Map showing the position of the stone rows and other sites around Butterdon Hill. 

Localised clustering

In addition to the seven areas where stone row clusters can be observed there are several sites where three or more rows are found next to each other. These can best be thought of as stone row complexes and they are often associated with broadly contemporary cairns, stone circles or standing stones.

Callanish Complex

Four stone rows, a stone circle and cairn at Callanish.

Drizzlecombe Complex

Four stone rows and a large number of cairns together with prehistoric houses (not shown) form the Drizzlecombe stone row complex.

Fernworthy Complex

Three rows, several cairns and a stone circle form the Fernworthy complex.

Learable Hill Complex

Four stone rows, large numbers of cairns and a nearby stone circle (not shown) form the Learable Hill stone row complex.

Merrivale Complex

Six stone rows, a stone circle and several cairns at the Merrivale stone row complex.

Shoveldown Complex

Six stone rows, a number of cairns and a stone circle form the Shoveldown stone row complex. Five of the rows are of the double type and only one is of the single variety.  Shoveldown stands on the periphery of the Chagford Common double row zone and therefore the prominence of double rows is understandable.


Looking at the clusters and complexes of stone rows permits some important observations to be made. It is clear that even in areas with large numbers of rows that different types were built in specific areas, whilst in others there is a mixture of types.  This provides further evidence that separate communities built their rows to their own specification and implies differences in how they were used. Clearly we can never know what these differences were and why some areas never embraced the alternatives whilst others were much more flexible and were happy to build and use both single, double, triple and multiple rows. It is clearly possible that we are looking at chronological differences, but on balance it seems more likely that what we are witnessing is tangible evidence for the partial dissemination of complex related ideas which were received, accepted or rejected, embellished, shared and finally abandoned. So very human.

Most of the clusters and complexes share one characteristic and this is that they are associated with funerary activity.  Sometimes this is more obvious, but all these rows have a definable spatial relationship with cairns.  We can therefore be certain that these stone rows were connected at least in part with funerary activities. Whether this was their main purpose we cannot be certain but where rows were drawn close together they almost invariably stand within a funerary landscape. Clearly it is not possible to be certain which came first and more importantly it is difficult to explain why so many groupings of cairns are not spatially associated with rows.  Why are some cairns directly associated with rows but the majority are not? Rows could not have been an integral part of funerary activity and yet sometimes they were. Clearly we are hampered by a lack of dating and perhaps the cairns which seem to pay no regard to the rows were either earlier or later in date. Do the single and other rows belong to different times? Again there is no way of answering this but on balance it seems more probable that they are contemporary and reflect subtle differences in the ways stone row rituals were practised. Complexes with more than one type may suggest that both rituals were practised alongside each other and indeed probably by the same people. The rituals associated with the rows would have been constantly evolving and it is therefore no surprise that the rows themselves vary considerable in character, form and disposition.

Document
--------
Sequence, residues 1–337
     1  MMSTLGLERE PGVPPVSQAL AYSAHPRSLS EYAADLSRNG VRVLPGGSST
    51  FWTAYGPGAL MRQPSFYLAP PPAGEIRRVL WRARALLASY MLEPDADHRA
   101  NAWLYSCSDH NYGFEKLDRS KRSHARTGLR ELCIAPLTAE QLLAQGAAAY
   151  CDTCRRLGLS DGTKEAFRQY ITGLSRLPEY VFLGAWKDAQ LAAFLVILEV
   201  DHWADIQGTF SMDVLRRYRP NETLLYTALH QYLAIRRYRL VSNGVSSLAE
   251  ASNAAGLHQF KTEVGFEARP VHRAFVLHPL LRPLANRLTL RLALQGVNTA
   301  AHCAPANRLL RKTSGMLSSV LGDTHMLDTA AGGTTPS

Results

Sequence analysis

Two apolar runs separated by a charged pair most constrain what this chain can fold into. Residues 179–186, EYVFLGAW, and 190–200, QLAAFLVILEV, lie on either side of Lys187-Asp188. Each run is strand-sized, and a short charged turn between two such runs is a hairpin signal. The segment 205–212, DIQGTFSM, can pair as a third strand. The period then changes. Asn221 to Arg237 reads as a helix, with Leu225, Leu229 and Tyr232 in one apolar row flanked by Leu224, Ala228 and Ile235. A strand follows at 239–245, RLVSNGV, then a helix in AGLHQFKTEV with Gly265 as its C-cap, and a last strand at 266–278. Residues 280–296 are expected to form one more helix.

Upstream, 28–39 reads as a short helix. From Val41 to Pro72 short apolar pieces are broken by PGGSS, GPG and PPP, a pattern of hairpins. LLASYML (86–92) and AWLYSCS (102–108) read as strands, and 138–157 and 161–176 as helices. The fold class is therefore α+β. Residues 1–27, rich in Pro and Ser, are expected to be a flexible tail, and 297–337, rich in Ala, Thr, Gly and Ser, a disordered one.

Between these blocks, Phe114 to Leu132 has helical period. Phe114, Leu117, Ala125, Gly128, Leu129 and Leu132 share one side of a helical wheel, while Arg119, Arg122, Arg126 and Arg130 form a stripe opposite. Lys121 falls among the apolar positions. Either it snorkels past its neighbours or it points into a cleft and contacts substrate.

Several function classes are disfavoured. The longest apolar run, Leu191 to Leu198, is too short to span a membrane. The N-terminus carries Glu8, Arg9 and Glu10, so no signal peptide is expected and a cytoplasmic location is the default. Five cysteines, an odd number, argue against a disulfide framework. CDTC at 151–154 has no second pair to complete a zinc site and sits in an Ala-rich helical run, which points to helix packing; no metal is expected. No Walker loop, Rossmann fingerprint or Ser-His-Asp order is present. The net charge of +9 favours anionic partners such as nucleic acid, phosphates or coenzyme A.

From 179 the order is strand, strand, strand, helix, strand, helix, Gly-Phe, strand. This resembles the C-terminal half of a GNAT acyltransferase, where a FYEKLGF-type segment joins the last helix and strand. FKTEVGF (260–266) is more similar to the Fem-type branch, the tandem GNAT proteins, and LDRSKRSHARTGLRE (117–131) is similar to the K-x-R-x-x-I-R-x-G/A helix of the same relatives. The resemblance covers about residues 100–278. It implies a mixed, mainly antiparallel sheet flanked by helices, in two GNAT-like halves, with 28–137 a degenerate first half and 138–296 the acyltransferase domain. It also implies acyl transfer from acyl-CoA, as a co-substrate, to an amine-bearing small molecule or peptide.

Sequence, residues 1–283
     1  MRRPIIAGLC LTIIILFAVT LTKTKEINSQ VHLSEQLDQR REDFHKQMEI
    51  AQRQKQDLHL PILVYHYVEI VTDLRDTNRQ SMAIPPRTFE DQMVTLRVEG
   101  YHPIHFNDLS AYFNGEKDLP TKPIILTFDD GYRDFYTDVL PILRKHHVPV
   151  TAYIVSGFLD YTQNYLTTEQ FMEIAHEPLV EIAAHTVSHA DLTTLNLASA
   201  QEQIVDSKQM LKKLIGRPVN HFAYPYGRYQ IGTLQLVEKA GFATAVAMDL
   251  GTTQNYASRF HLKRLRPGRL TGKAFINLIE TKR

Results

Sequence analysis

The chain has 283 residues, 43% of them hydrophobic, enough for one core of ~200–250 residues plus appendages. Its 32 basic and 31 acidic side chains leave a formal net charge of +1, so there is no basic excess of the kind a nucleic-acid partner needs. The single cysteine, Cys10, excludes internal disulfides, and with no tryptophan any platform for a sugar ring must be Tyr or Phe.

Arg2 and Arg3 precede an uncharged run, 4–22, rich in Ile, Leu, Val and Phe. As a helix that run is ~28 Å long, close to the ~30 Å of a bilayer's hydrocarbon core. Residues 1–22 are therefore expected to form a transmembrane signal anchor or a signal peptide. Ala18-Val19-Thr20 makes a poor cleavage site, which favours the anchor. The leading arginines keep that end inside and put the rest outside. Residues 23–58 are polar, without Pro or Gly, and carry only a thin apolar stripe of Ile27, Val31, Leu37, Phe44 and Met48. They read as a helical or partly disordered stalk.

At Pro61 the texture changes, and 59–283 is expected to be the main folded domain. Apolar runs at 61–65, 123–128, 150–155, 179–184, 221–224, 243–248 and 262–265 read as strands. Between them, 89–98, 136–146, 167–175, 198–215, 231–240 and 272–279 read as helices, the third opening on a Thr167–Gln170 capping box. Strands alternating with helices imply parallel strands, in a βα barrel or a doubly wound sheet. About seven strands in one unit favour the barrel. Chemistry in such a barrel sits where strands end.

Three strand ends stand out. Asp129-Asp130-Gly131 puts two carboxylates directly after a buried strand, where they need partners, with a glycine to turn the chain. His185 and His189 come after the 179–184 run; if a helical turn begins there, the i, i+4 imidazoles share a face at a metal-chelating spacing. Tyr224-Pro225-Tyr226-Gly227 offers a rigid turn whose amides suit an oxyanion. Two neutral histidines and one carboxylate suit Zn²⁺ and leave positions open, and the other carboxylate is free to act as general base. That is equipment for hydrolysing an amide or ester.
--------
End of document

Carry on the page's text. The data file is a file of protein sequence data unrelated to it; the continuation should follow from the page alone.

Why are some rows clustered together whilst others are dispersed? Does this reflect differential survival or the original distribution? Without a doubt large numbers of stone rows will have been destroyed and the surviving population is certainly influenced by later activity.  Unfortunately it is not possible to quantify what has been lost although it is perhaps significant that more than half of the rows are in National Parks and a substantial proportion of the remainder stand in areas that have not seen much change. We can therefore be confident that the present distribution has been influenced by activity during the past 3,000 years.  The clusters and complexes may therefore give an insight into what large swathes of the British countryside once looked like.  Stone rows were probably once fairly common in areas where the geology was sympathetic and elsewhere lines of timber posts may have been deployed instead.  At least some of the pit alignments known in the lowlands may have served the same purpose.


FIRST PUBLISHED: 23rd June 2020